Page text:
Naturalist Perspectives Challenge: Find An Uncommon Bird and Observe

In addition to regular assignments, the Naturalist Perspectives part of the course will include regular challenges. You will have one week to complete each challenge, and you must complete 4 challenges by the last day of class for full credit for the challenges part of the project.

file-sep-20-11-57-33-amYour first Naturalist Perspectives challenge, due March 27, is to find and observe an uncommon (or at least less common) bird.

  1. Spend some time in Site Alpha or somewhere else looking for a bird that’s not a pigeon, dove, crow, house sparrow, robin, blue jay, starling, grackle, turkey, swan, goose, mallard duck, etc—house finches, northern cardinals, chickadee and catbirds are okay. You’ll probably have to be patient, but if you give this some time, you can find some interesting species. See if you can spot a nuthatch, red-tailed hawk, woodpecker or goldfinch. Or something more unusual. If you need advice on where to see interesting birds, ask Dave Morimoto for recommendations on areas with interesting species or check eBird for bird sighting hotspots in your local area.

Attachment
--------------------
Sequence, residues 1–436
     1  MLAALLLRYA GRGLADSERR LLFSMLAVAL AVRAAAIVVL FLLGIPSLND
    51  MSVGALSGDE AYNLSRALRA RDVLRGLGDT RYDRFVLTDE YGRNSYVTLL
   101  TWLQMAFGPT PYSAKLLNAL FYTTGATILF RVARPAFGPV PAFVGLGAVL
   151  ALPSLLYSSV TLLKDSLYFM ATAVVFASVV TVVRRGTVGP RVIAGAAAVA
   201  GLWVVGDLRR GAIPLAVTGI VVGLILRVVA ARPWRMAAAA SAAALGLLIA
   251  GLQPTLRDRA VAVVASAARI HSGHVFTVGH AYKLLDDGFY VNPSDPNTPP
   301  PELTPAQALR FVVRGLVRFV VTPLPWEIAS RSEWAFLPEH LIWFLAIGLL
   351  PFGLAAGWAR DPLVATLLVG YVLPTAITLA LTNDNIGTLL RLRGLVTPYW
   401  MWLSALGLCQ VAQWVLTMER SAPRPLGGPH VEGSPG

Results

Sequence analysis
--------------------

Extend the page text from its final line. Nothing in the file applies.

2. Once you’ve spotted this bird, observe it for as long as you can. Binoculars may be helpful, but often you can actually see a lot without the help of optics. Note what the bird looks like and what it appears to be doing. What properties of life is its behavior exemplifying? How about biological themes? If you can take a photo, great, but don’t get too hung up on trying to get a picture.
  3. Identify (ID) this bird: if you don’t already know the species of the bird you spot it, figure it out with a field guide. Having taken note of the bird’s appearance, you should be able to determine the species or at least narrow it down to a few options. Does the description of this species in the field guide help explain any of the behaviors you observed?
  4. Write a blog post that
    • begins with the date, time, location and weather conditions of your observations;
    • summarizes your observations;
    • describes the properties of life related to your observations;
    • includes any interpretations you’d like to share;
    • provides information on your identification of this bird: What species have you identified it as and why? What facts about this species are surprising to you?
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